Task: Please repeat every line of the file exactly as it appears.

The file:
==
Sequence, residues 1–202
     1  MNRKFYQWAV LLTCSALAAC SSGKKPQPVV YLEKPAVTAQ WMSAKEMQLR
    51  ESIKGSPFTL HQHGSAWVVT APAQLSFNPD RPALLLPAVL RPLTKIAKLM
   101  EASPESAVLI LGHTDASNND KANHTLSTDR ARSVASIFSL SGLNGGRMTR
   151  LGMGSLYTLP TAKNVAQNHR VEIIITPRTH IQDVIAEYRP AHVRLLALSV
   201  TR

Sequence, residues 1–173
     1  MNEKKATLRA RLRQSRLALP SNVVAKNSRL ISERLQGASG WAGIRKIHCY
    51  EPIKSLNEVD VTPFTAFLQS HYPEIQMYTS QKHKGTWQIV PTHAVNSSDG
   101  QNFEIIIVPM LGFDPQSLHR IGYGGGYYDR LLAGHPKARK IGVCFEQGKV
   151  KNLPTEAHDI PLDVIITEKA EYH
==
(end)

Sequence, residues 1–202
     1  MNRKFYQWAV LLTCSALAAC SSGKKPQPVV YLEKPAVTAQ WMSAKEMQLR
    51  ESIKGSPFTL HQHGSAWVVT APAQLSFNPD RPALLLPAVL RPLTKIAKLM
   101  EASPESAVLI LGHTDASNND KANHTLSTDR ARSVASIFSL SGLNGGRMTR
   151  LGMGSLYTLP TAKNVAQNHR VEIIITPRTH IQDVIAEYRP AHVRLLALSV
   201  TR

Sequence, residues 1–173
     1  MNEKKATLRA RLRQSRLALP SNVVAKNSRL ISERLQGASG WAGIRKIHCY
    51  EPIKSLNEVD VTPFTAFLQS HYPEIQMYTS QKHKGTWQIV PTHAVNSSDG
   101  QNFEIIIVPM LGFDPQSLHR IGYGGGYYDR LLAGHPKARK IGVCFEQGKV
   151  KNLPTEAHDI PLDVIITEKA EYH